Blainecouncil takes road plan public for a spin

Published on Thu, May 27, 2004 by at Grubb

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Blaine council takes road plan public for a spin

By Pat Grubb

“I’m 83-years-old. I’d like to see it done before I die!” If it wasn’t hard enough to figure out which roads to rebuild, the request of Sverrir Magnusson to have 10th Street fixed right away added poignancy to city council’s decision-making on Blaine’s six-year transportation plan. Magnusson made his request during the first of two public comment sessions scheduled in the next few weeks.

Magnusson made his comments after public works director Steve Banham presented the first reading of the proposed Six Year Transportation Improvement Program 2005-2010 to council. Monday’s public hearing was recessed to June 14 to allow for further public comment. Second hearing and adoption is scheduled to take place June 28.

Banham told council that projects were selected on the basis of seven factors: public safety, deterioration, capacity and standards compliance, school routes, traffic volumes, future growth and economic development.

To abide by state law, the first three years of projects require an identified source of funds; following years have no restriction. The city breaks projects down further into collector and arterial roads versus residential streets.

The city is proposing a number of collector projects. The first would be a two-phase re-do of Marine Drive from Peace Portal Drive to the lift station at the end of Marine Park; the project already has $500,000 in funding but awaits final siting approval for the wastewater treatment plant. The second phase would go from the lift station to the fishing pier and would involve a boardwalk as well as roadwork. Re-construction would also include placing equalization storage pipes for winter below the street. H Street from Ludwick to Terrace would be widened and upgraded for safety and pedestrian access reasons and H Street in the central business district would be drawn into the turn-of-the-century design theme with street trees, pavers and handicap access. The Semiahmoo Parkway would receive an asphalt overlay. Other projects would include design work for I-5 exits 274 and 276.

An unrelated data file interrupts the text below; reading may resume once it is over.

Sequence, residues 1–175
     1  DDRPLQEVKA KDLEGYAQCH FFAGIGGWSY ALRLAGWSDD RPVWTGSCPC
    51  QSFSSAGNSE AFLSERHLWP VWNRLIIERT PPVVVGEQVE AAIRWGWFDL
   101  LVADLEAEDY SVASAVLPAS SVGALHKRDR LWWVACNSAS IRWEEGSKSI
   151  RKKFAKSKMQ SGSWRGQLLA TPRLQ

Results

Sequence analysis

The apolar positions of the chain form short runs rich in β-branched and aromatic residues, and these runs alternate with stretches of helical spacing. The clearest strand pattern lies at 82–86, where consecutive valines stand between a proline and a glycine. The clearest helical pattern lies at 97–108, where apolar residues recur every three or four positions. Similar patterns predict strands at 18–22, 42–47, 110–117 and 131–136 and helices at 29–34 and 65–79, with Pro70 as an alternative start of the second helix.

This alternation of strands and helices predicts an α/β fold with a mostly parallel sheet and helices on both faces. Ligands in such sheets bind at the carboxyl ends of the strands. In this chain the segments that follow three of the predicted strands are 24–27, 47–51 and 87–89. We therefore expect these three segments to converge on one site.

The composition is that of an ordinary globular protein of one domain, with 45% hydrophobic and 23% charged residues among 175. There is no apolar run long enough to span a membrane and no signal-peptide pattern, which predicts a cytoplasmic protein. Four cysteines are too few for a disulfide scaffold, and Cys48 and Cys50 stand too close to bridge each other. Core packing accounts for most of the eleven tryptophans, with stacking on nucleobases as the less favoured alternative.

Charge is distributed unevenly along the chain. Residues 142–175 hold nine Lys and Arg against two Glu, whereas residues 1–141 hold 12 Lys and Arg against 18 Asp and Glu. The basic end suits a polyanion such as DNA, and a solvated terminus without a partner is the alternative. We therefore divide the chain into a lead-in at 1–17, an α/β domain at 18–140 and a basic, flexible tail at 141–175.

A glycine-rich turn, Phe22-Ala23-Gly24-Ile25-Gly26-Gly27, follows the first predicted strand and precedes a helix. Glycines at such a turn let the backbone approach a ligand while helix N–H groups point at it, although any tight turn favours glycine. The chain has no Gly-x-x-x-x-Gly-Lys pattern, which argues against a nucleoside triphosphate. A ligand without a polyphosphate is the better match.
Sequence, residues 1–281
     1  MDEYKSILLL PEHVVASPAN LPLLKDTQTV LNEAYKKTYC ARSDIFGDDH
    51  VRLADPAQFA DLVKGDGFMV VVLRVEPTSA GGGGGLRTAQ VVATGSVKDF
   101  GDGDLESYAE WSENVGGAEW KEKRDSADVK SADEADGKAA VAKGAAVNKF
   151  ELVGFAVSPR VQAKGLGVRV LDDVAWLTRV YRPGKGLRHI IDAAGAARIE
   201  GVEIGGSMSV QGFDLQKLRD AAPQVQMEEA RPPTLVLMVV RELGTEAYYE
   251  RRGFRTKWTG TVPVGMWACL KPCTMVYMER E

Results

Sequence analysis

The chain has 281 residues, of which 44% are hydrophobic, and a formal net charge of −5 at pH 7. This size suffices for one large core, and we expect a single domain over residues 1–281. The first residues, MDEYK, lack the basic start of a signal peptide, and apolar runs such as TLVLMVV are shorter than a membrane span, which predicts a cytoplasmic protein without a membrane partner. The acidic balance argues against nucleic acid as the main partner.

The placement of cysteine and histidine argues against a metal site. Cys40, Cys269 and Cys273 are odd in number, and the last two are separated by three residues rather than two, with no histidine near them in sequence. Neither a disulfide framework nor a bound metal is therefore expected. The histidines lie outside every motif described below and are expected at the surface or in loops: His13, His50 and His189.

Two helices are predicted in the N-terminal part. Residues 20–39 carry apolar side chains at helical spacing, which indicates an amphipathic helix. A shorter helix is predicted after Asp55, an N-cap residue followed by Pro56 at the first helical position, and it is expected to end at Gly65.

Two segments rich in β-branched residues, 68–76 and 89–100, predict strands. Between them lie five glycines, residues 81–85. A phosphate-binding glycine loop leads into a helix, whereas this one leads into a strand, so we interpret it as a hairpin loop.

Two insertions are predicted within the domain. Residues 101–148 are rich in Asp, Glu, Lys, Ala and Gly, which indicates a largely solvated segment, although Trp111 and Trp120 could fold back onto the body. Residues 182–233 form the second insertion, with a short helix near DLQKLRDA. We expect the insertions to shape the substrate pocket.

Under residential projects, Cherry Street (from Peace Portal to Mitchell) and 10th Street (from H to E streets) would be reconstructed. These two projects would be the last to be funded under the 1996 street levy that expires in 2007.

Funding for the remaining proposals isn’t set for the time being; alternatives include another voter-approved street levy to replace the expiring issue as well as possible grants.

The remaining projects include Boblett Street (Peace Portal to Mitchell); G Street (8th to 10th); E Street (6th to 10th); and Bayview Avenue (Clyde to Peace Portal). Also included in the recommendations is a pedestrian overpass from the as-yet unbuilt Peace Portal boardwalk to the marina and a bike and pedestrian scenic loop of the harbor.

Apart from Sverrir Magnusson, the only other resident to speak about the proposals was Jan Hrutfiord who told council “When you do the widening, remember the historic trees. People come to a city to look at its trees and when you cut them down, it’s not very good.”